To the Editor:
Re “Don’t Let Your Children Grow Up to Be Farmers” (Sunday Review, Aug. 10): As a full-time farmer, I was heartbroken by the article. Bren Smith, a shellfish and seaweed farmer, writes that for all its elitism, the local food movement isn’t paying the bills for its farmers. He laments that because he is laden with college debt, he and his partner can only dream of having children, since their meager farm income can’t possibly pay for health care, college for children or his retirement.
He laments the unfairness of competing with nonprofit farms, “hobby farms” run by wealthy people, and farmers’ markets with low sales volume. He says most farmers are staying in business with federal subsidies or foundation grants.
His solution? Forgive farmers their college debts, start programs to enable farmers to buy land, guarantee affordable health care and subsidize family farms instead of factory farms.
I’m happy to report that many young farmers are making a good financial go on their enterprises by following protocols completely the opposite of Mr. Smith’s assumptions and solutions.
Those of us doing well never go to Agriculture Department offices. We don’t fill out grant proposals. We don’t go to farmers’ markets. College is not helpful for many. We do internships, direct marketing and collaboration with accountants, marketers, equipment sharing, labor and distribution.
We view government help and programs, from health care to land acquisition, as bringing more harm than good and enjoy a can-do libertarian spirit. We don’t want subsidies for anybody, including ourselves.
Swoope, Va., Aug. 14, 2014
The writer is a lecturer and the author of “You Can Farm.”
To the Editor:
Bren Smith argues that “the much-celebrated small-scale farmer isn’t making a living” and expresses concern that these farmers can’t afford health care and other services.
While many smaller farms don’t make money, these farmers are generally doing well. They earn substantial off-farm income, and as a result, don’t look to their farms for their livelihoods.
Even farmers who provide little production are doing well. Based on the latest comparable data (2011), small farm households with yearly gross sales from their farms of less than $10,000 (59 percent of all farms) had an average income greater than the average American household. For more than a decade, the median farm household has earned more than the nonfarm household.
Parents should let their children grow up to be farmers, but as with any industry, there’s no guarantee that every business model is going to be profitable.
Washington, Aug. 13, 2014
The writer is a research fellow in agricultural policy at the Heritage Foundation.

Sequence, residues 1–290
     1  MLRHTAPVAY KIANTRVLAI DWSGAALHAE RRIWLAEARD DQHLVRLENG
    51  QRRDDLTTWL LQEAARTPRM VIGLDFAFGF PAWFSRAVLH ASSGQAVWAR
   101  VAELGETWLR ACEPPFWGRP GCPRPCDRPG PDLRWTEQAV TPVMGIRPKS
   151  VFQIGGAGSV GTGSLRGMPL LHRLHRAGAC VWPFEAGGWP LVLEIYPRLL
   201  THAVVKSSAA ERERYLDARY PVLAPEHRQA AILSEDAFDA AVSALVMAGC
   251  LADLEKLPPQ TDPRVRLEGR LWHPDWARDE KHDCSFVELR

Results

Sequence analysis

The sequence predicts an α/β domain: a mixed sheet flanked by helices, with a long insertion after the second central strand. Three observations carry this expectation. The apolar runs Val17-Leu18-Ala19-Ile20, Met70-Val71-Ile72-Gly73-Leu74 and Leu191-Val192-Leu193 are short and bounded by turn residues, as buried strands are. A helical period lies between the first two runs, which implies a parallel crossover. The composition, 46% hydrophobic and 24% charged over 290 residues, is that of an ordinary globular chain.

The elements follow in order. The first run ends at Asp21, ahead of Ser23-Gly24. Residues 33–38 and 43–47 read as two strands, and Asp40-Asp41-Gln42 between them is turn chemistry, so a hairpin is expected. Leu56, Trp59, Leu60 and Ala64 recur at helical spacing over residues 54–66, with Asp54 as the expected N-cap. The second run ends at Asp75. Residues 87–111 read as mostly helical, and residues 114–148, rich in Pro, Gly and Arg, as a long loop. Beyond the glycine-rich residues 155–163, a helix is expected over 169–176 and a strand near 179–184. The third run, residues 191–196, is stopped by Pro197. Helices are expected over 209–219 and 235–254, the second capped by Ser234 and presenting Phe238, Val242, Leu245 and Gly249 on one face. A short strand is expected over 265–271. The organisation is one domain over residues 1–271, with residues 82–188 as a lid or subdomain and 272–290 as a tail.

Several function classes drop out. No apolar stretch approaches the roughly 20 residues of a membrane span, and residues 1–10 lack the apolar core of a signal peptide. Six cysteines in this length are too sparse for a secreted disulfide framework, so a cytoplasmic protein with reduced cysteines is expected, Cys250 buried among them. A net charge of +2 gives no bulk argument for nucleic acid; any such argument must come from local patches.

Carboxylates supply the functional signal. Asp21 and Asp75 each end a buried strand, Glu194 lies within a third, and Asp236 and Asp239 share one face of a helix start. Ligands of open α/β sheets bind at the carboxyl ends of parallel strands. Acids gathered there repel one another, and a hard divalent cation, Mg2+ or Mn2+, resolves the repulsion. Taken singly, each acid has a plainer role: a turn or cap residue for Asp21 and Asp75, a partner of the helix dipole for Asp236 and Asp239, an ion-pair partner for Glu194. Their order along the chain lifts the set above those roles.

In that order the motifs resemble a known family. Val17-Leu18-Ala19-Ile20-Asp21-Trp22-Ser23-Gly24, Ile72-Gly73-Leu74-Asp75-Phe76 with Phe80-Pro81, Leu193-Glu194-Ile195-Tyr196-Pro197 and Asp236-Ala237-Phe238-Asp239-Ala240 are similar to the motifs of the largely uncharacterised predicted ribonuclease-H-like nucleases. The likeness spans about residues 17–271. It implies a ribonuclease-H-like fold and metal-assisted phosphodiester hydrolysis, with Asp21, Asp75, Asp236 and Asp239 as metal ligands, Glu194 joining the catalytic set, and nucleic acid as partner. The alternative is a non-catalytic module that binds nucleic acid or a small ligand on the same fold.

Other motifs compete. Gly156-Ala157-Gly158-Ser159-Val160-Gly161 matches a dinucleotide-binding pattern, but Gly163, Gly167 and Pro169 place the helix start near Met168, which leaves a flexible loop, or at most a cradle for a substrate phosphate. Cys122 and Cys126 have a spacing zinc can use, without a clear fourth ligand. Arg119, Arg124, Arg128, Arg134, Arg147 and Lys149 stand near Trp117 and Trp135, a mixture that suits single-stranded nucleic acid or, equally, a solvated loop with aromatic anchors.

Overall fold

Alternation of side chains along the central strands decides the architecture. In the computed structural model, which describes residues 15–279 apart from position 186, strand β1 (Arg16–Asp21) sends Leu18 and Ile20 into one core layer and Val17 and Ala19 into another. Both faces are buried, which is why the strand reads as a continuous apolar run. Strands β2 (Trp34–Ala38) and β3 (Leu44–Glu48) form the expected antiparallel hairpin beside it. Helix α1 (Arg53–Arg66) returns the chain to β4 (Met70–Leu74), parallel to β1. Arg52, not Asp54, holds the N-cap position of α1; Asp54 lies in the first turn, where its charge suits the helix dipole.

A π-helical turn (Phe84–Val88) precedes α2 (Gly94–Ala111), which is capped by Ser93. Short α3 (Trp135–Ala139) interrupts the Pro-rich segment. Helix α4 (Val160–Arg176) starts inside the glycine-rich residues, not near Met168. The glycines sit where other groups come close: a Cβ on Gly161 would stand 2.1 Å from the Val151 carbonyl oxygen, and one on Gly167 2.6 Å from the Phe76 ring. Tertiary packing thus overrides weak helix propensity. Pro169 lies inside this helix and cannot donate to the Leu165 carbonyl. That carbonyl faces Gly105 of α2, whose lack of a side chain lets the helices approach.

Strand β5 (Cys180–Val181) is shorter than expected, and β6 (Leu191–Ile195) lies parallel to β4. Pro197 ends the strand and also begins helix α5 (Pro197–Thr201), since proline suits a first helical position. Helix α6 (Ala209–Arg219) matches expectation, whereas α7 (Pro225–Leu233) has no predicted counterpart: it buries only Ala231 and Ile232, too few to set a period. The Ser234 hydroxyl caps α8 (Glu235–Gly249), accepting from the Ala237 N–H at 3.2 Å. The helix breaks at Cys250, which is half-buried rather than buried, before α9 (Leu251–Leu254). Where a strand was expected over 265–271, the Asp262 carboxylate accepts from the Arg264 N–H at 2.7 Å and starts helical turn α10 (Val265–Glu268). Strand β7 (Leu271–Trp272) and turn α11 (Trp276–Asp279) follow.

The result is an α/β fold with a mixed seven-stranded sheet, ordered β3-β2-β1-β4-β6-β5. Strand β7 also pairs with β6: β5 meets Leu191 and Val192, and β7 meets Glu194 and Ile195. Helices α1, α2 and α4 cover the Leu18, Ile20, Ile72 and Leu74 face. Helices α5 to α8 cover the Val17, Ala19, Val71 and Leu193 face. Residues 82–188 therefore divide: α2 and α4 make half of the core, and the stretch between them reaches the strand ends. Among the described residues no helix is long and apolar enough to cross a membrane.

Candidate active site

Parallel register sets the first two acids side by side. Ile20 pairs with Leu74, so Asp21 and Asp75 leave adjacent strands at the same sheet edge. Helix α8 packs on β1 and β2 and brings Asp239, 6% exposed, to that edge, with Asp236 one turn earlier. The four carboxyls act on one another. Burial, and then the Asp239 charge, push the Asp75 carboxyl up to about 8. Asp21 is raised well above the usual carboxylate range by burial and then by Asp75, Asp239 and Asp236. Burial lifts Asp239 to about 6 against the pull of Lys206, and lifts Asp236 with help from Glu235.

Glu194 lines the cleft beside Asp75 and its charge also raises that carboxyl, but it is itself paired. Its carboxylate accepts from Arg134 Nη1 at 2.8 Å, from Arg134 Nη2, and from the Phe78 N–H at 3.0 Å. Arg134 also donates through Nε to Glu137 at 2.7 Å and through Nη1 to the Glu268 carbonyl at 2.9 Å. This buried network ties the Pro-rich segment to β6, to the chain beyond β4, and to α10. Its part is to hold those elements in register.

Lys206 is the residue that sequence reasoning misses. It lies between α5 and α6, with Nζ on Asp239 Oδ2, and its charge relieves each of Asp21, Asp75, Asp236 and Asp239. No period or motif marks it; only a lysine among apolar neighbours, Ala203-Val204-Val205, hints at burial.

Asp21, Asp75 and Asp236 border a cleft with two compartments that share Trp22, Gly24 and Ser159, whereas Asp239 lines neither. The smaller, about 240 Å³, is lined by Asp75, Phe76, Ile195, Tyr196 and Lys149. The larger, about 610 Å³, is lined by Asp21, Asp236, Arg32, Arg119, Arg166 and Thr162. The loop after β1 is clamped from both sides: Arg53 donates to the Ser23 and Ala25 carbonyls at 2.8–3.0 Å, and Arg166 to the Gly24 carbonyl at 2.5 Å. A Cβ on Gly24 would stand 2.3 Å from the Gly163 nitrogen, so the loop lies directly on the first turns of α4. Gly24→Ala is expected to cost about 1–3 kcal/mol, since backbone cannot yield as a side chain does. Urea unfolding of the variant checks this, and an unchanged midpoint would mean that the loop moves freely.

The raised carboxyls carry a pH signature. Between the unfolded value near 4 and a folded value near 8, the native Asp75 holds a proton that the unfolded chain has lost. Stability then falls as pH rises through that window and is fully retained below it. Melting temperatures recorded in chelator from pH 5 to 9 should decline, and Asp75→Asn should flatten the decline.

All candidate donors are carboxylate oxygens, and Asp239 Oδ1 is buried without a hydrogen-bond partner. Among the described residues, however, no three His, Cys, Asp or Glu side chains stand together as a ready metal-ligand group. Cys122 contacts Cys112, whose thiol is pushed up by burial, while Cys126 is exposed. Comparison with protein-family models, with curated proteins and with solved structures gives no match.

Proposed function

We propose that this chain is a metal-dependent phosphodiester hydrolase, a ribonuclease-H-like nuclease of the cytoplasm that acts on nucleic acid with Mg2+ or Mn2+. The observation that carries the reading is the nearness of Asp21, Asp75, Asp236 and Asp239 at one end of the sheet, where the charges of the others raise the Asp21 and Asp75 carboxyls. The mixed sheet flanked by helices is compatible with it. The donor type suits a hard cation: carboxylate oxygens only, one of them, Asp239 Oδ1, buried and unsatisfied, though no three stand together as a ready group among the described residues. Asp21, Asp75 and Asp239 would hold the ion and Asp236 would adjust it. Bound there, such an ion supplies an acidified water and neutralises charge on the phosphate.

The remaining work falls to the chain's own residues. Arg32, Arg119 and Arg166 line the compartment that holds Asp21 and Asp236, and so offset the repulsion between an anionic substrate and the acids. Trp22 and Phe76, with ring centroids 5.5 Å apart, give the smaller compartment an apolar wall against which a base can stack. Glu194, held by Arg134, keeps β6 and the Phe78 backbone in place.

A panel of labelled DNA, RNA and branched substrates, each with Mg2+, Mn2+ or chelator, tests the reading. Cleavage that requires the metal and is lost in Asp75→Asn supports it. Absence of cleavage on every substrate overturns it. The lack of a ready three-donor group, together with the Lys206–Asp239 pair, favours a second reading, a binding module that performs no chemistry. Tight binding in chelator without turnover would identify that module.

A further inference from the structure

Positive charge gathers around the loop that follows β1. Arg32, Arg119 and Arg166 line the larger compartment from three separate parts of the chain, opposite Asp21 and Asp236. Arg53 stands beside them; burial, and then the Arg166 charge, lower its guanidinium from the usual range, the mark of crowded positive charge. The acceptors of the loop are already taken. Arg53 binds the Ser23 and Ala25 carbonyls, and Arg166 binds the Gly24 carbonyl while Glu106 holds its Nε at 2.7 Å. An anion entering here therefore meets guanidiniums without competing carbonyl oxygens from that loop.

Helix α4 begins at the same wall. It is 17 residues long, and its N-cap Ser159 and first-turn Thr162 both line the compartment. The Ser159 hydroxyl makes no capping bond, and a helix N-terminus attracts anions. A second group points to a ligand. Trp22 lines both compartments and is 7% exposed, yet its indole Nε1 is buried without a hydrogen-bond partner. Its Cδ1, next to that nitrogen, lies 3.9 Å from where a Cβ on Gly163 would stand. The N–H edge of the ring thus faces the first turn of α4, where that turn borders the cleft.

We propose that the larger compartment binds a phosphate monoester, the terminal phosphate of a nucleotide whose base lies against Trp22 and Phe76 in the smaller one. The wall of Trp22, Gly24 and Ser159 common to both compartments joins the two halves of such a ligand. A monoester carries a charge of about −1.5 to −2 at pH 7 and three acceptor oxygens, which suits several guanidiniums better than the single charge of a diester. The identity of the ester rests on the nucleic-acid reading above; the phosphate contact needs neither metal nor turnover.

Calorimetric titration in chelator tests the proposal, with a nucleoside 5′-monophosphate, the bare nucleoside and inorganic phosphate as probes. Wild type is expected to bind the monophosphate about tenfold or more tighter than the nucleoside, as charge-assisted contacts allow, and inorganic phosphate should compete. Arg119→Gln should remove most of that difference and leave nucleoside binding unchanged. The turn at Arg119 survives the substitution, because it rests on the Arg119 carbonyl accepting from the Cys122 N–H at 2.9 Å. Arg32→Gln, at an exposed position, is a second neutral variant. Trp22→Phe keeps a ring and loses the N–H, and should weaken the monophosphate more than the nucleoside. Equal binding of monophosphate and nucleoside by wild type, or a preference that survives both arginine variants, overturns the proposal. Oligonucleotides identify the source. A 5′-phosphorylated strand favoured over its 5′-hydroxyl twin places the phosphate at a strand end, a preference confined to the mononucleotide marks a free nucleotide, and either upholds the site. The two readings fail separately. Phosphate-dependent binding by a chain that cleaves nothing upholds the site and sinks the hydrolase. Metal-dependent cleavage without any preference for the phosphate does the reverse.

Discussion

To the Editor:
Bren Smith issues a clarion call for farmers to start their own organizations and set the agenda of the food movement. But making the economics of small-scale farming work will take more than that.
In my experience in starting farmers’ markets in New Haven, farmers want to focus on farming — and as Mr. Smith points out, theirs is challenging work.
The onus is better placed on all of us as eaters to support healthy, local food and the viability of the local farm economy through policy change aimed at the root causes of our unsustainable food system. We can vote with our forks and also at the ballot box, and elect policy makers who promote family farming.
As the food movement grows up, there will continue to be more of us who understand the issues on the ground and who can use the tools of law and policy to address them. Law schools across the country, including Yale, have been devoting resources to the study of food law in the service of doing just that. The future is bright.
New Haven, Aug. 12, 2014
The writer, a student at Yale Law School, is a co-founder of CitySeed, a nonprofit that operates neighborhood farmers’ markets and promotes policy change.
To the Editor:
Bren Smith got it right in advocating that small-scale farmers growing for local markets work to shift subsidies from factory farms to family farms, among other sensible measures.
I’m one of those struggling farmers selling fresh, nutritious produce for less than the cost of my labor, a form of self-exploitation fostered by the prevailing cheap food policies. We can’t change things alone.
Foodies are going to have to pay a lot more for sustainably produced food and join broad coalitions to make it affordable to the disadvantaged. Last Saturday, my customers were paying twice the going rate for unusual garlic varieties. It keeps me farming, just barely.
Santa Fe, N.M., Aug. 11, 2014